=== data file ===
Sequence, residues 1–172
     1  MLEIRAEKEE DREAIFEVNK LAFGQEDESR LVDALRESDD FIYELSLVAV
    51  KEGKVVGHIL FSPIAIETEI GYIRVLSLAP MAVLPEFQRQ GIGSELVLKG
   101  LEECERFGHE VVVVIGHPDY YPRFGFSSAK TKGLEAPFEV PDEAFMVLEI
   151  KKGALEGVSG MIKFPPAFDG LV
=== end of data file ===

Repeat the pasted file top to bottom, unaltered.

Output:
Sequence, residues 1–172
     1  MLEIRAEKEE DREAIFEVNK LAFGQEDESR LVDALRESDD FIYELSLVAV
    51  KEGKVVGHIL FSPIAIETEI GYIRVLSLAP MAVLPEFQRQ GIGSELVLKG
   101  LEECERFGHE VVVVIGHPDY YPRFGFSSAK TKGLEAPFEV PDEAFMVLEI
   151  KKGALEGVSG MIKFPPAFDG LV